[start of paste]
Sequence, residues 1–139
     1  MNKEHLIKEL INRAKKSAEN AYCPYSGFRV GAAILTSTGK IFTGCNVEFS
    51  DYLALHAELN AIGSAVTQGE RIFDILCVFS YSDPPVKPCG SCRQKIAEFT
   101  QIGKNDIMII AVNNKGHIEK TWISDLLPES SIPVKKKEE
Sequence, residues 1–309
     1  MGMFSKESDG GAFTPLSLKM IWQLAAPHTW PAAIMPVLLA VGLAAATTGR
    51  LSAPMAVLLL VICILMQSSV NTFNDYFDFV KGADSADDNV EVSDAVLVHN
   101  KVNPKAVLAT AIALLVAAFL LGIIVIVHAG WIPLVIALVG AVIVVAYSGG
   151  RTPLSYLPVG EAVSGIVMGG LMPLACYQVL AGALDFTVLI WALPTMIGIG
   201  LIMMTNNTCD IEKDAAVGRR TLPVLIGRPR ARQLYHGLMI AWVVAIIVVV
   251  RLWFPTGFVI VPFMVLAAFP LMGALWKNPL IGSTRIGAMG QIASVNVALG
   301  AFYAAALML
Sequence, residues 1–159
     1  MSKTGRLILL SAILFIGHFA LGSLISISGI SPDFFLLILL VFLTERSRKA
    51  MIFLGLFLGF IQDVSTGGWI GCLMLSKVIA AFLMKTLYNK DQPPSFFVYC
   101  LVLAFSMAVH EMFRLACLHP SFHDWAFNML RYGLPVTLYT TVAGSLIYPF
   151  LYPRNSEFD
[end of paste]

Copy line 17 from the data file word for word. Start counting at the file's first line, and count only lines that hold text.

   151  LYPRNSEFD